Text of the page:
51. Fix a bike flat.
52. Read a book with more words than pictures, and develop/grow your own “library” of books, even if only a dozen.
53. Haggle/barter with a salesmen.
54. Be able to converse with, and comfort, a child. Real men can converse at length without condescension.
55. Men should be able to quote extensively, and in the proper situation, from a manly movies: The Godfather I, II; Patton; Casablanca; most Clint Eastwood or John Wayne movies, etc. Not necessarily all manly movies, but their own personal repertoire.
56. Men generally do not cry at movies. There are exceptions of course.
57. Be able to give an honest but generous eulogy on the death of a friend or loved one, that acknowledges the Imago Dei in all of us.
58. Produce more than you consume.
59. Teach your children to love and serve God.
60. Instill in your children a sense of right, wrong, honor, duty, loyalty, and faithfulness.
61. Make your wife and children feel safe; and make them laugh.
62. Teach your children that success is earned, not given.
63. Know the basics of how to throw, catch and hit a baseball.
64. Chop wood efficiently.
65. Be familiar with and able to quote Scripture and know how to apply it to your life. See especially Psalm 118:8 and Luke 12:48.
66. Love the mother of your children and tell your children that you love them.
67. Resist temptation.
68. Teach a boy that there’s a difference between looking and leering.
69. Teach a girl to not give boys a reason to leer.
70. Be able to go deep into the woods, not get lost, and survive at least 24 hours.
71. Be unafraid to correct other people’s children (especially relatives) when they act badly.
72. Use and service a lawn mower and/or snowblower.
73. Know how to score a baseball game on a proper scorecard. Then teach a young boy/girl how to do so.
74. Be able to practice self-discipline and self-control even in difficult circumstances.
75. Be able to be right without arrogance; strong without violence, successful without dishonesty.
76. Be able to admit when you’ve made a mistake.
77. Be able to both lead and follow with grace and humility.
78. Have the wit to solve problems and the grit to right a wrong.
79. Find the breaker box and reset the breaker or replace the fuse.
80. Turn off the water main.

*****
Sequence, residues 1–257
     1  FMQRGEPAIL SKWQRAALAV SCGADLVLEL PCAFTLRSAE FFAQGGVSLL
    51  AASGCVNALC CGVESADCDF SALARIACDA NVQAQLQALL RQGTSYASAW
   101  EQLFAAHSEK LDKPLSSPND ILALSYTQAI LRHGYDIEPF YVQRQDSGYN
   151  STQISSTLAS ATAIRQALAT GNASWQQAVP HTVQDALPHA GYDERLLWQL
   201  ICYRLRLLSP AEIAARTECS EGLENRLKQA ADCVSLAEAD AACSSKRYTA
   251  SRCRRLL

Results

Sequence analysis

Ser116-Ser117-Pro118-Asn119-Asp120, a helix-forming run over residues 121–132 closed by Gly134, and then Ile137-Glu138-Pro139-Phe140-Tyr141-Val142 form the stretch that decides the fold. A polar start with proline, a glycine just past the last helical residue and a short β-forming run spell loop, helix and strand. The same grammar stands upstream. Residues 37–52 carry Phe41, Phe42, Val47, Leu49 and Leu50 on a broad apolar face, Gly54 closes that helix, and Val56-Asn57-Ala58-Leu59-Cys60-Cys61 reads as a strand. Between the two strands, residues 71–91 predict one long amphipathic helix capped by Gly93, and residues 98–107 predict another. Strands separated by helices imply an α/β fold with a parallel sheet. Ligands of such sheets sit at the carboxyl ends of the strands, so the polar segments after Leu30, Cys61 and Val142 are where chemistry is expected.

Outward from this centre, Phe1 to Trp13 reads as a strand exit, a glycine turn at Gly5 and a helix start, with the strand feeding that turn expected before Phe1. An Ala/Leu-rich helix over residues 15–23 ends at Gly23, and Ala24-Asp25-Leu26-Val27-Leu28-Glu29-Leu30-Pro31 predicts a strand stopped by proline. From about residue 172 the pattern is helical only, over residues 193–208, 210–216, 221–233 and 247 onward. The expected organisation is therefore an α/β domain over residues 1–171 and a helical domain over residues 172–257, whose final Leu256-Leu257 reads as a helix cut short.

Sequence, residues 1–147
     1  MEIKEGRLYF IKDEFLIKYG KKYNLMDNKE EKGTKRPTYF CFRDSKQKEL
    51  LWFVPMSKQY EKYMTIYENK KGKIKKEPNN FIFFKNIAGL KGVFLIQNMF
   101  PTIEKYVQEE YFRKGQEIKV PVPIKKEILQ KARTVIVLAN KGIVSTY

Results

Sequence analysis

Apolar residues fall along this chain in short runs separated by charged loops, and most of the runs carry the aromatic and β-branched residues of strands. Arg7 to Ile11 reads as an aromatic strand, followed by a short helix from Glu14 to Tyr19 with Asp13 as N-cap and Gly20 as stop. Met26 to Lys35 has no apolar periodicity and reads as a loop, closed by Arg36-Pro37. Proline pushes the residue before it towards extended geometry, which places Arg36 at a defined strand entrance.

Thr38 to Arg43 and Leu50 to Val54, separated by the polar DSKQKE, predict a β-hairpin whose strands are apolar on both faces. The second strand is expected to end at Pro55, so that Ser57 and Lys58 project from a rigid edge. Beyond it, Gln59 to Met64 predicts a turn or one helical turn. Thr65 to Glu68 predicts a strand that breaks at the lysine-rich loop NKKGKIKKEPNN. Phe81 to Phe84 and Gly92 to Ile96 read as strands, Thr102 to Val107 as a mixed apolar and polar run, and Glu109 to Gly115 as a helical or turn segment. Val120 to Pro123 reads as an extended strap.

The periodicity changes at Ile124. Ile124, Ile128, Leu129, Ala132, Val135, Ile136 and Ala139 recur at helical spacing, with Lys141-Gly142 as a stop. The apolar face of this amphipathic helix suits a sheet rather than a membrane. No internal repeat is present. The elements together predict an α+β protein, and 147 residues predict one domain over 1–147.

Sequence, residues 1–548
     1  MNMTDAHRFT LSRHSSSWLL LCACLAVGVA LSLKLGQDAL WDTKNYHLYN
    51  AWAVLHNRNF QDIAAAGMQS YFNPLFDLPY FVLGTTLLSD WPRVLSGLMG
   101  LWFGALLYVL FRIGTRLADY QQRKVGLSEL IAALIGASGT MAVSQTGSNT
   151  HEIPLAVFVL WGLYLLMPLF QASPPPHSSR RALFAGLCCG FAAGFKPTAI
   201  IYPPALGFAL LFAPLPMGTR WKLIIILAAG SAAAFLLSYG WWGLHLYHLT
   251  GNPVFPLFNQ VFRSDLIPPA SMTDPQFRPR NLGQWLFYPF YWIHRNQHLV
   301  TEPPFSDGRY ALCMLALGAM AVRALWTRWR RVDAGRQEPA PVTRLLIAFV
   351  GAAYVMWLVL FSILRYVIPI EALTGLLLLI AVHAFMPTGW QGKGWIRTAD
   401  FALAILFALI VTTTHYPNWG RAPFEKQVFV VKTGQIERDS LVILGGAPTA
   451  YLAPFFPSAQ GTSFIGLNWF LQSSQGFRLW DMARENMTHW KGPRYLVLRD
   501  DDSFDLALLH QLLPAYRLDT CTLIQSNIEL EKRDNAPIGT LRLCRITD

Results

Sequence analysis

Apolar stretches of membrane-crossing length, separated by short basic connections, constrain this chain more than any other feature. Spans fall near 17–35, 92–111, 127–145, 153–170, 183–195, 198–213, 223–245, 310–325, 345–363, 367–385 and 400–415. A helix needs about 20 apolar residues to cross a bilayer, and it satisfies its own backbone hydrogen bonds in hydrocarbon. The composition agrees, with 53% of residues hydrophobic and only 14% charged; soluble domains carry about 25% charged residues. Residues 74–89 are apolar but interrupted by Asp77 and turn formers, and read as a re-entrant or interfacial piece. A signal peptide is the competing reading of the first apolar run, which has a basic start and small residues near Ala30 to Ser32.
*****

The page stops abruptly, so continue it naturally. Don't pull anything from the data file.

81. Fix a leaky toilet.
82. Find candles and flashlights when the power goes out.
83. Remain calm and act effectively in an emergency.
84. Sew a button and iron a shirt.
85. Know how to use the basic power and hand tools. Chainsaw, circular saw, hand saw, screwdriver, wrenches, pliers, hammer, etc.
86. Be able to stop after one beer.
87. Wear a baseball cap in the proper orientation.
88. Be able to tell his children ‘no’ when they need it.
89. Sing the national anthem from memory, and be familiar with the important documents in our nation’s history, For example: The Constitution, The Declaration of Independence, The Federalist Papers, Lincoln’s Gettysburg Address.
90. If you live in the Northern Hemisphere, you should be able, using the two pointer stars in the Big Dipper, to spot the North Star, and know how to identify directions using it for reference.
91. When walking with a woman or your children on a sidewalk, you walk on the outer side, i.e. nearer the street.
92. Be able to ask a woman to dance.
93. Keep your word.
94. Shake hands firmly while looking that person in the eye.
95. Fend off a physical attack on your person, as well as a full-scale invasion of Colorado by Soviet and Cuban troops.
96. Stand up for what’s right even if you’re the only one to do so.
97. Parallel park.
98. Be willing and able to teach all of the above.
99. Tell your dad you love him.
100. Be willing to do the “little things”.
And a few things you should NEVER do: Tug on Superman’s cape. Spit into the wind. Pull the mask off the old Lone Ranger. Mess around with Jim. And never shoot a man in Reno just to watch him die.
Men need to learn more than just a list of mechanical skills. There is an element of sacrifice – of chivalry – involved in true manhood that is greatly overlooked today, and needs to be re-cultivated. Men may be learning how to rescue a boater who is capsized, but I think they should get back to learning how to rescue girls in towers.
And if this list is too long, a man can simplify things down to what Robert Heinlein said:
“A human being should be able to change a diaper, plan an invasion, butcher a hog, conn a ship, design a building, write a sonnet, balance accounts, build a wall, set a bone, comfort the dying, take orders, give orders, cooperate, act alone, solve equations, analyze a new problem, pitch manure, program a computer, cook a tasty meal, fight efficiently, die gallantly. Specialization is for insects.”